Another holiday season. Another batch of Holiday Treat Recipe Contest winners to offer inspiration.
We received dozens of entries from Triangle home cooks. We tested and tasted about 20 of them to come up with these eight winners. Surprisingly this year, we only received a few recipes in the two candy categories, especially the non-chocolate candy. So we decided to pick three winners where the entries were robust – the other cookie category – and only share one non-chocolate candy recipe.
Our grand prize winner this year is the Salted Orange Caramels dipped in Coffee Chocolate from Anne Brill, 69, of Cary.
It is not surprising that Brill won the grand prize. She is well known to us, having placed in some of our previous contests; her Buckeyes candy won an honorable mention in the 2012 Holiday Treat Recipe Contest and her apple pie with raspberry liqueur-soaked dried cherries placed in a 2007 pie recipe contest.
Brill explained that she has been making English toffee to give away to friends at Christmas for at least 25 years. “But I grew tired of making the same thing each year,” Brill wrote in an email. “About the time the holiday treat contest was announced, our daughter brought us a box of caramels from New Orleans, caramels half dipped in dark chocolate and decorated with a row of sea salt. They were a delight to the eye and the palate.”
I loved the result!
Taking a tip from Food Network star Ina Garten, Brill added coffee to the chocolate and orange extract to the caramel. “I loved the result!” she wrote.
We did too. Congratulations to Brill and all our other winners.
Thank you to all our volunteer bakers and judges: Matt Lardie, Jill Warren Lucas, Debbie Moose, Felice Bogus, Claire Cusick, Matthew Glassman, Colleen Minton, Elliot Acosta, Kim Alexander, Johanna Kramer, Tom and Kathleen Loescher, Chana Lynn, Lucy Martinez, Jennifer Palcher-Silliman, Troy McHenry, Stacey Sprenz and Gabrielle Kaasa.
Salted Orange Caramels Dipped in Coffee Chocolate
This is the grand prize winning recipe as well as first place winner in the chocolate candy category. From Anne Brill, 69, of Cary. Her advice: Making caramels can be tricky, but if you follow these cardinal rules, you will be successful. Avoid heat in the higher ranges; brush down sugar crystals from the side of the pan when making the syrup; try not to stir the mixtures; watch your candy thermometer vigilantly; and do not make on a humid day.
3/4 cup heavy cream
4 tablespoons salted butter, divided and cubed, at room temperature
3/4 teaspoon orange extract
1/2 teaspoon salt
1/2 cup light corn syrup
1 cup sugar
2 tablespoons sea salt crystals
1 cup semisweet chocolate chips
1 tablespoon plus 1 teaspoon shortening
1 3/4 teaspoons decaffeinated instant coffee granules
Line an 8- or 9-inch square pan with aluminum foil and spray the inside with cooking spray.
Heat the cream, 2 tablespoons butter, orange extract and 1/2 teaspoon salt in a small saucepan over medium-high heat until the mixture begins to boil. Remove from heat, cover, and keep warm while you cook the syrup.
Combine corn syrup and sugar in a 4-quart heavy-duty saucepan, fitted with a candy thermometer. Heat over medium low heat and cook, stirring gently, to make sure the sugar melts smoothly. Wipe down the sides of the pan with a pastry brush dipped in hot water to dissolve any sugar crystals on the sides. Once the sugar is evenly moistened, do not stir, but swirl the pan as necessary to keep it from getting any hot spots.
Cook until the syrup reaches 310 degrees. The mixture will turn a deep, golden amber. To get an accurate reading while the syrup is cooking, tilt the saucepan to make sure the bulb of the thermometer is fully submerged.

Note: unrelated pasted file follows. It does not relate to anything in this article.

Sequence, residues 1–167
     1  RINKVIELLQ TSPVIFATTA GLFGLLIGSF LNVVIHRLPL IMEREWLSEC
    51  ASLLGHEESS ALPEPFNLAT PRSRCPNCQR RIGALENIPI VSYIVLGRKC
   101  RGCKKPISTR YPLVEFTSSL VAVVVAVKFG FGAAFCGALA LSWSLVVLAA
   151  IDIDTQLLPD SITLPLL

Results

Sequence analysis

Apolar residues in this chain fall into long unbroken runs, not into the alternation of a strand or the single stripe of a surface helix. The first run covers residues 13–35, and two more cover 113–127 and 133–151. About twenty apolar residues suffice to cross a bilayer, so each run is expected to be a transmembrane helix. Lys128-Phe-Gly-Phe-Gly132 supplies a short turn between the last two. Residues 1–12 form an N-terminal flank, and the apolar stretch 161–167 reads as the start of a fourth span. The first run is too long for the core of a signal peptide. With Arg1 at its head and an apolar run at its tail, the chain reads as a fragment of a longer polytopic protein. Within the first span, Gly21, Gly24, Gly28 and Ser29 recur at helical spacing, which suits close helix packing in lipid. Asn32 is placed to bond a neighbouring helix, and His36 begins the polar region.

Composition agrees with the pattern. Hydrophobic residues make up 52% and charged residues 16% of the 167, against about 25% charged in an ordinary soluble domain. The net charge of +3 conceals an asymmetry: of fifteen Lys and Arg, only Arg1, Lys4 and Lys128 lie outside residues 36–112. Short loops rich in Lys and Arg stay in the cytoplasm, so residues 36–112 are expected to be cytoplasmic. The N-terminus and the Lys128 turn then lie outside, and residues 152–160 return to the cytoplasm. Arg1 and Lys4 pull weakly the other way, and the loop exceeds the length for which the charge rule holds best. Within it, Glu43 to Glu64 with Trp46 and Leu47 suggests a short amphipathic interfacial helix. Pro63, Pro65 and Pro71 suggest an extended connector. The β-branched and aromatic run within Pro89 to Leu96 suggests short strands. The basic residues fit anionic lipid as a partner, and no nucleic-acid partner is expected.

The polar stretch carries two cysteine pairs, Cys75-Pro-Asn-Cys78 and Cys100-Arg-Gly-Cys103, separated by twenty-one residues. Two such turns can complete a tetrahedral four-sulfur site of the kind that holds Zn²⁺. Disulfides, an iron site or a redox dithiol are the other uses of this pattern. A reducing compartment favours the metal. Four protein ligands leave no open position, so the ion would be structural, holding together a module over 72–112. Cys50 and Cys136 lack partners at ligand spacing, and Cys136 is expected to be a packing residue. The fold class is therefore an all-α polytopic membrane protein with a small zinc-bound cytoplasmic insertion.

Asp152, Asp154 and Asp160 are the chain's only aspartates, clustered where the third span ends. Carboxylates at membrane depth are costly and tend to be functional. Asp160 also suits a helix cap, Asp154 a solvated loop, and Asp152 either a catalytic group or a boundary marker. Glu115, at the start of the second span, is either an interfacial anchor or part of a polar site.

Turn off the heat and, using a clean spoon, carefully stir in the warm cream mixture (mixture will violently bubble), until smooth.
Turn the heat to medium-low and cook to 260 degrees. This stage requires patience and cannot be rushed. As it cooks, do not stir; swirl the pan if necessary. Be vigilant as the thermometer approaches 260 degrees.
Remove the pan from the heat, lift out the thermometer, and use a clean spoon to stir in the remaining 2 tablespoons butter until melted and smooth.
Pour the mixture into prepared loaf pan. Set on a wire rack and let cool completely. Once cool, lift out the caramel, peel away foil, and cut caramel with a long, sharp knife into 1-by-1-inch pieces and place them on wax paper.
Measure 2 tablespoons sea salt and put in a zip-top plastic bag and seal. Use meat tenderizer or back of spoon to gently break larger crystals so they are all about the same size, but still large enough to handle easily. Set aside.
Place the chocolate chips and shortening in the top of a double boiler with the bottom pan filled half way up with water, being careful not to have the hot water touch the bottom of the top pan. Heat the chips and shortening over low heat and do not let any water touch the chocolate. Stir occasionally until the chocolate is melted. Add the instant coffee granules and stir, getting the mixture as smooth as possible. (Some granules may still appear, but dipping will be fine.) Taste at this point to determine if you prefer more coffee flavor, in which case add 1 teaspoon more at a time to taste. Remove from heat but keep pan over hot water.
Using your fingers, dip each caramel halfway into the chocolate mixture, covering half of each piece in chocolate. Dip all the pieces and place them on wax paper to set. After all the caramels are dipped, use either your fingers (or tweezers if you prefer) to place a small row of sea salt crystals along the edge of the chocolate across the middle of the caramel. If any chocolate edges are uneven, after the chocolate sets, use a sharp knife to square up the sides.
Storage: These caramels can be placed individually in paper candy cups for boxing or wrapped in waxed paper. They should not be stacked without waxed paper separating them or they could stick together. Store in an air-tight container in a cool place and they will keep for about one month.
Yield: 18-24 pieces
Charlie Chaplin Candy
This recipe from Veronica Bucki, 74, of Cary won second place in the chocolate candy category. Bucki wrote: “My mother in-law enjoyed this candy from The Garden of Sweets, a candy-ice cream shop in Buffalo, N.Y. My sister-in-law found or created this recipe which was very similar to the one in the chocolate shop. I make it for my family every holiday.”
12 ounces milk chocolate chips
1 cup crunchy peanut butter
3 cups miniature marshmallows
1 1/2 cups unsweetened, shredded coconut
Place chocolate chips and peanut butter in microwave safe bowl; heat in the microwave for 1 to 2 minutes until melted enough to stir smooth. Add marshmallows, a handful at a time, while stirring. Then stir in coconut. Shape mixture into 3-inch logs and place onto wax paper. Roll up wax paper to cover logs and refrigerate for 1 hour. Slice into one-inch pieces to serve and refrigerate the remainder.
Yield: about 8 logs.
This recipe from Ginny Nugent of Apex tied for first place in the drop cookie category. Pine nuts can be expensive; Nugent recommends buying them at Trader Joe’s where she has found 8 ounces for $7.99.